|MadSci Network: Biochemistry|
Thanks for this interesting question. It's true that if as is believed, prions are transmitted through ingestion, they must be able to survive the digestive processes in the stomach and the small intestine. As you probably know there are 2 structural forms of prions. Normal prion is found in the nervous tissue of animals and has a homologue in yeast. Its function is unclear; you can knock out the prion gene in mice with apparently no effect. The infectious, or active form of prion protein has a different structure and it is highly resistant to treatments that normally denature proteins, such as heating, acid and organic solvents. It is also very resistant to protease digestion with enzymes like trypsin or chymotrypsin, in fact this is how it was first distinguished. So it seems likely that this form of prion could survive the pH and enzymes of the stomach and the gut.
How prion gets from the gut to the nervous system is an interesting question. The digestive system has an extensive and complex nervous system of its own, which is part of the peripheral nervous system. It's thought that prions can be absorbed at areas called Peyers patches, where areas of lymphoid tissue contact the gut. These areas are normally involved in taking up microorganisms and presenting them to the immune system. Prions could be taken up into lymphoid cells, then transported around the lymph system to places like the spleen, tonsils or lymph nodes. Here, they would convert normal prion in the contacting nervous tissue to infectious prion and this process could eventually travel along nerves to the central nervous system and the brain. This process has been observed to some extent in mice and people have suggested the tonsils as a good place to look for prions during the long incubation period before the disease shows.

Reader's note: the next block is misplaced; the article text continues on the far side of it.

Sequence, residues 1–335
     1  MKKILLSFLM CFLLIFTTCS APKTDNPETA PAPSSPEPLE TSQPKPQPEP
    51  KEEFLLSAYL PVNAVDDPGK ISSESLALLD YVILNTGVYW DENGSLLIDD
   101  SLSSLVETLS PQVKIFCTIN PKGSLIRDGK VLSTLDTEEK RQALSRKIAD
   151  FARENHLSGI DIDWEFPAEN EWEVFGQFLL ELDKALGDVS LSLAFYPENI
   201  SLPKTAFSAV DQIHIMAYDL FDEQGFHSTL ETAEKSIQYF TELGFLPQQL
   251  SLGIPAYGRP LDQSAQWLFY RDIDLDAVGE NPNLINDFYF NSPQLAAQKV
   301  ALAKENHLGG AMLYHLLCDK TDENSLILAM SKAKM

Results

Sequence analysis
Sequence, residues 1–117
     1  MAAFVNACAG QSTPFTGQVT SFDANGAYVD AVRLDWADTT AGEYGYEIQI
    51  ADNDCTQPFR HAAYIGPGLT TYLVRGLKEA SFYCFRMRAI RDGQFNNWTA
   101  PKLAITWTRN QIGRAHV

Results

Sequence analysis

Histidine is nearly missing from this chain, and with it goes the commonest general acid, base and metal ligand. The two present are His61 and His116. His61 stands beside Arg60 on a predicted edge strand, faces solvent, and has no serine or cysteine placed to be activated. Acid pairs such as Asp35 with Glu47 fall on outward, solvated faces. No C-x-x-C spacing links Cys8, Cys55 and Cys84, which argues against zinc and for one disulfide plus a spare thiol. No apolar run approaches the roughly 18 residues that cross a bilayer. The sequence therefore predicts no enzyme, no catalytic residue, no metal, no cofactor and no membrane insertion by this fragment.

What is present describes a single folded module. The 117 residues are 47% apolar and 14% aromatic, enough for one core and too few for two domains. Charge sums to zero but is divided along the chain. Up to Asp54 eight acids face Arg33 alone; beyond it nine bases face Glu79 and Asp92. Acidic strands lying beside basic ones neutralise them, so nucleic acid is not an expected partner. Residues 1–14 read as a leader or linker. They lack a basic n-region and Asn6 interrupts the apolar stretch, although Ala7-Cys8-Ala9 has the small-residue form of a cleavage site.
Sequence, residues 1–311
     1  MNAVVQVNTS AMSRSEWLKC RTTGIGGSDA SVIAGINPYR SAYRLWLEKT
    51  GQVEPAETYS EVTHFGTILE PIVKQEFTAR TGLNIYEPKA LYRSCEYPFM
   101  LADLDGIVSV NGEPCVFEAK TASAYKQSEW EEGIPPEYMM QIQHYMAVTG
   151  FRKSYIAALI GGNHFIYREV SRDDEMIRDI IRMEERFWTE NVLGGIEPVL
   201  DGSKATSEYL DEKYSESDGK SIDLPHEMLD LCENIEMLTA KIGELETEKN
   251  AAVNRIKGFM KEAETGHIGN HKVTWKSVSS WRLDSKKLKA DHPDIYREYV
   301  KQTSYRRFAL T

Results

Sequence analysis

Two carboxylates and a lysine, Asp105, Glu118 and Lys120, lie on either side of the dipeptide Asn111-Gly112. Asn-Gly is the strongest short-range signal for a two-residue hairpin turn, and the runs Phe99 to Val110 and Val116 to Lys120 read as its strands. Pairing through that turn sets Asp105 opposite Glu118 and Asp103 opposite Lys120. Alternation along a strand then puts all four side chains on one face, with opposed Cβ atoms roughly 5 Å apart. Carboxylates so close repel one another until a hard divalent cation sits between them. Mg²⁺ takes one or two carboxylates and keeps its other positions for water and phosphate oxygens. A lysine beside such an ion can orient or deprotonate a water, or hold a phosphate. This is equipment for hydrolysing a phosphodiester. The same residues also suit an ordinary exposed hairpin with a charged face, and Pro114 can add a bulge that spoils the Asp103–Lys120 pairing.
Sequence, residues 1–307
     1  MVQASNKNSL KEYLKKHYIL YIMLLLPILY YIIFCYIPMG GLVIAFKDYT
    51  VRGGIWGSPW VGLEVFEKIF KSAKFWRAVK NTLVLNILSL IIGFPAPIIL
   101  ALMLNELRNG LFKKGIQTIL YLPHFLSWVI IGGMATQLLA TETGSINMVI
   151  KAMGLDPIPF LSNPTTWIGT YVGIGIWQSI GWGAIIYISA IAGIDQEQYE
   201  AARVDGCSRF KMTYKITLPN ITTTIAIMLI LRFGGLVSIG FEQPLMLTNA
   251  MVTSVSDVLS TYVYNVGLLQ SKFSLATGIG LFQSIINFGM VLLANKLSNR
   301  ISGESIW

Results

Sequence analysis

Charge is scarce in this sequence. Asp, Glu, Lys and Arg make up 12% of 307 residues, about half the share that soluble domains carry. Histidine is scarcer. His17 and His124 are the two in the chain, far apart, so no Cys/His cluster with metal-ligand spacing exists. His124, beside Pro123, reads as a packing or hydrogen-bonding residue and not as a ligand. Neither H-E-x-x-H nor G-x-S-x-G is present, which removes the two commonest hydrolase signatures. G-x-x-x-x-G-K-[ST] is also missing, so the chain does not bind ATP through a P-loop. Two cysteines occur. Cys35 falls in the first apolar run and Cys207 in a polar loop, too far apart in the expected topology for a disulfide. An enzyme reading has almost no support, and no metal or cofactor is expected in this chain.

However, bear in mind there is still a lot of controversy in this area. For instance, it's still not certain that humans contracted CJD from BSE by this route-though the evidence (the prions involved are immunologically identical) is strong. And there are still those who believe that there may be a tiny nucleic acid component to prions, as yet undetected.
For further reading, I recommend the book "Deadly Feasts" by Richard Rhodes. On the web, the very best source of information is The Official Mad Cow Disease Home Page at http://www.mad-cow.org, which has all the latest research news. There is also good science information at http://www.t ulane.edu/~dmsander/WWW/335/Prions.html
Try the links in the MadSci Library for more information on Biochemistry.